venezuelan poverty
On July 30, the U.S. State Department announced sanctions on visas for officials in President Maduro’s Venezuelan government. The sanctions came as a response to human rights abuses sustained by peaceful opposition protestors objecting to a recent rise in Venezuelan poverty.

“Today’s announcement sends an unambiguous and direct message to President Maduro,” says Senator Robert Menendez (D-NJ), Chairman of the Senate Foreign Relations Committee.

Menendez has authored a bill called the Venezuela Defense of Human Rights and Civil Society Act of 2014. This bill would require heavier sanctions on individuals who have committed human rights abuses towards the demonstrators in Venezuela.

“Human Rights Watch has documented more than 40 deaths, 50 cases of torture, and over 2,000 unlawful detentions,” Menendez says in regard to the recent demonstrations.

Since February, hundreds of thousands of Venezuelans have taken to the streets in protest of President Maduro’s policies, which have sent the country into a political and economic crisis.

When Hugo Chavez took over the Venezuelan political system in 1998, he did so with the promise that the people would prosper under his government. From 2003 to 2007, the Chavista government seemed to working for the people, as Venezuelan poverty rates dropped. When Nicolas Maduro took over after Chavez’s death in 2013, he swore to stay true to Chavista policies.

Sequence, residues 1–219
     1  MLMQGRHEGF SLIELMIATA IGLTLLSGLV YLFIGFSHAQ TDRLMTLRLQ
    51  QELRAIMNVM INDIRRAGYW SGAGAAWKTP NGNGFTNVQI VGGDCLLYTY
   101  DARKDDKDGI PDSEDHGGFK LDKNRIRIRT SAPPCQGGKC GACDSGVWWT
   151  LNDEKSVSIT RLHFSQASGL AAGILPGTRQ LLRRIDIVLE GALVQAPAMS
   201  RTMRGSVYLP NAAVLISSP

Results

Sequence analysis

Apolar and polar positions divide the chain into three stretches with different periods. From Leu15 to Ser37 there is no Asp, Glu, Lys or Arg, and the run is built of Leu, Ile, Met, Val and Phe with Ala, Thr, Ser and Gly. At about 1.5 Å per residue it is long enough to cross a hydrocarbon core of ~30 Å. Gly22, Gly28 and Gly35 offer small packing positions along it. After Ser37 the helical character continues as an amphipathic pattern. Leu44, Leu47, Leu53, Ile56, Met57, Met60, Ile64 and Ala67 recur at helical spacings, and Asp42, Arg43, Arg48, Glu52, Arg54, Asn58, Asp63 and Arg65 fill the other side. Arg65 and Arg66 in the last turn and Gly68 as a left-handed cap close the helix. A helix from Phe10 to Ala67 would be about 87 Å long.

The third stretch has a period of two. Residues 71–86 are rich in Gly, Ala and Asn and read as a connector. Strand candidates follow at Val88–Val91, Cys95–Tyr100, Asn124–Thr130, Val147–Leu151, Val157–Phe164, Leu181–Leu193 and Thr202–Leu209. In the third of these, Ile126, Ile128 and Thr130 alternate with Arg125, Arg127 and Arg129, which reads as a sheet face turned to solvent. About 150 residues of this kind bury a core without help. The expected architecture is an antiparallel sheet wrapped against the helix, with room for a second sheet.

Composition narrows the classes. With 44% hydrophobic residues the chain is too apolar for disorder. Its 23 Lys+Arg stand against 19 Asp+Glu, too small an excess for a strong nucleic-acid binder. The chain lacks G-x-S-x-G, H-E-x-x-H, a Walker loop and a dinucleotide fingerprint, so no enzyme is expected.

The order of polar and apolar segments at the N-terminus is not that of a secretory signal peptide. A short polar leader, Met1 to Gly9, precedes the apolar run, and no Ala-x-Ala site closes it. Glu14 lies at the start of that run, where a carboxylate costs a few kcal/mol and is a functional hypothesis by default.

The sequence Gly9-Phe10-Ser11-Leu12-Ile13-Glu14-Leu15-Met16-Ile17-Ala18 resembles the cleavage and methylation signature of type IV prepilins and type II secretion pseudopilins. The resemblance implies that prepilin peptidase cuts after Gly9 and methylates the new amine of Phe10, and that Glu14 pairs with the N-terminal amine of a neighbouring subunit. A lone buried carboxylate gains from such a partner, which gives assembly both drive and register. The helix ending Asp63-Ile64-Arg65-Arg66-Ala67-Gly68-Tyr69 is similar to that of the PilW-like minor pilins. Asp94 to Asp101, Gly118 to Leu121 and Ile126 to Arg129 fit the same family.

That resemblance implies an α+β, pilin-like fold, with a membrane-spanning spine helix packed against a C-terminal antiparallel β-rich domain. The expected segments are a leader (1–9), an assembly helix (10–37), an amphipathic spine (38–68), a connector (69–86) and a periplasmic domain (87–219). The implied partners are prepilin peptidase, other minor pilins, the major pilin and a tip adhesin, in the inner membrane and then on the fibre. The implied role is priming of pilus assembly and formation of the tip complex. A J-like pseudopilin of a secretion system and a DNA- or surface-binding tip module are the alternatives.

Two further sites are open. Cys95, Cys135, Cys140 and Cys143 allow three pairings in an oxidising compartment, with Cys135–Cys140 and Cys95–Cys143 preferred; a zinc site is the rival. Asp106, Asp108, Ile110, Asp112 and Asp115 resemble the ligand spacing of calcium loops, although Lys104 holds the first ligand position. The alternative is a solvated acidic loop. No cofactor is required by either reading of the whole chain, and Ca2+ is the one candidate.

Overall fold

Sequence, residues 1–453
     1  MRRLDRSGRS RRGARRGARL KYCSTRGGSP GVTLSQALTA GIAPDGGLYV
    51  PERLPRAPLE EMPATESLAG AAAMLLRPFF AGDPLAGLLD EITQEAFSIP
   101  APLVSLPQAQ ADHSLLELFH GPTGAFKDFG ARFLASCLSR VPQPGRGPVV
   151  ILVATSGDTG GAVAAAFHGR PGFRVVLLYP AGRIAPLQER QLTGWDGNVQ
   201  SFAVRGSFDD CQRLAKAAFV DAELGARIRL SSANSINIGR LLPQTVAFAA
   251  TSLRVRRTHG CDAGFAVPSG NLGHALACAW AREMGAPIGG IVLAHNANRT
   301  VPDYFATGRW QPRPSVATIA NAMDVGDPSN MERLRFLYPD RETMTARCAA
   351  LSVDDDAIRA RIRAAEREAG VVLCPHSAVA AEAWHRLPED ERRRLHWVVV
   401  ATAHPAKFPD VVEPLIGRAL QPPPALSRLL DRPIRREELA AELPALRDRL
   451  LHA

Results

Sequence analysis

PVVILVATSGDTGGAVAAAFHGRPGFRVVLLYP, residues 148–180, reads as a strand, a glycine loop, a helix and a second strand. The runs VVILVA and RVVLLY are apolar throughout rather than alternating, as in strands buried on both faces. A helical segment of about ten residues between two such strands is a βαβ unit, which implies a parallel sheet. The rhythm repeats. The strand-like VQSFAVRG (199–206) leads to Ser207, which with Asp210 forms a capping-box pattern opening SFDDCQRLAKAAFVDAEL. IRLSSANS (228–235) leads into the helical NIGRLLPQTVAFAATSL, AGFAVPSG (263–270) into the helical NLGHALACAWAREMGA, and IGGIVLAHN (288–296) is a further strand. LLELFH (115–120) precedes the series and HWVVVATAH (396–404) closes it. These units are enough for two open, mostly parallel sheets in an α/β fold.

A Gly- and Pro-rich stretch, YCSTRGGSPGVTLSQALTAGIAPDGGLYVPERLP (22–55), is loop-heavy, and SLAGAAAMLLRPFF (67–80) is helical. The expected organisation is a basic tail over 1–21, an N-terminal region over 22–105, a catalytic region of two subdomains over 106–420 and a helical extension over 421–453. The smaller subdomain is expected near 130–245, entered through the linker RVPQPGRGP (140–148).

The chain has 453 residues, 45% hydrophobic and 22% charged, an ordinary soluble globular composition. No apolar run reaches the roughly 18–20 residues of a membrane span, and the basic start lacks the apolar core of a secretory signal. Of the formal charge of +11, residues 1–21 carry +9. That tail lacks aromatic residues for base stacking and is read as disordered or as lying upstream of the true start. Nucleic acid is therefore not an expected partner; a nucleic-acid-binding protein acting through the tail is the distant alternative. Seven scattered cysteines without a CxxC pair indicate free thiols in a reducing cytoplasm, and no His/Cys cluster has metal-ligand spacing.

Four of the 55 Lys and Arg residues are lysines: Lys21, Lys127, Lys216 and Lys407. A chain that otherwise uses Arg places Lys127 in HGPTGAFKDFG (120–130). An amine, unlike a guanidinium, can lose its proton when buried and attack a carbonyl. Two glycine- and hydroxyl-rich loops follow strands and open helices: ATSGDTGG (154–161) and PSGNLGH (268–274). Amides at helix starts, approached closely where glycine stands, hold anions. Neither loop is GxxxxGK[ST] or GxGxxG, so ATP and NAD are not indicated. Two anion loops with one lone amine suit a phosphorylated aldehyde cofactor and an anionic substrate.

However, recently the trend has reversed. A report released by Venezuela’s official statistics office admits that one in three Venezuelans are poor, a decline from a year ago when only one in four were poor.

The statistics for extreme Venezuelan poverty are worse. The office estimates that 10 percent of the population does not make enough money to afford basic food and drink.

“The sharp fall in the standard of living is what brought protestors to Venezuela’s streets,” reports Foreign Policy.

The protestors were peaceful, but the government’s reaction was not.

“The United States will never tolerate systemic human rights violations conducted by a merciless government against its own people,” says Menendez.

Congress had reportedly been considering a similar move against Venezuela since March of this year, but the State Department acted first. This is in spite of earlier claims by the Obama Administration that any sanctions against Venezuela would allow its government to rally support and use the U.S. as a scapegoat.

The sanctions deny a list of 24 high-ranking officials of President Maduro’s government from entering the U.S.

Elias Jaua is the Venezuelan Foreign Minister. He calls the sanctions, “desperate,” and warns against a possible backlash.

Julianne O’Connor

Sources: Foreign Policy, BBC, The Globe and Mail, U.S. Senate Committee on Foreign Relations
Photo: BBC